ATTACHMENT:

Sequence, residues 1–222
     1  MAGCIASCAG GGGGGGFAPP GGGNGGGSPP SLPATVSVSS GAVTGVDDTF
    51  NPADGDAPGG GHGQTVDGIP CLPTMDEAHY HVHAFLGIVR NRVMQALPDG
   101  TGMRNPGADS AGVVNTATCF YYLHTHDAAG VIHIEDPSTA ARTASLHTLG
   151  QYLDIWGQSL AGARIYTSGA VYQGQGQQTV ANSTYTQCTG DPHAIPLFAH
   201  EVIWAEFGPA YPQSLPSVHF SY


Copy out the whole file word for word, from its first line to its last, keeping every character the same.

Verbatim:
Sequence, residues 1–222
     1  MAGCIASCAG GGGGGGFAPP GGGNGGGSPP SLPATVSVSS GAVTGVDDTF
    51  NPADGDAPGG GHGQTVDGIP CLPTMDEAHY HVHAFLGIVR NRVMQALPDG
   101  TGMRNPGADS AGVVNTATCF YYLHTHDAAG VIHIEDPSTA ARTASLHTLG
   151  QYLDIWGQSL AGARIYTSGA VYQGQGQQTV ANSTYTQCTG DPHAIPLFAH
   201  EVIWAEFGPA YPQSLPSVHF SY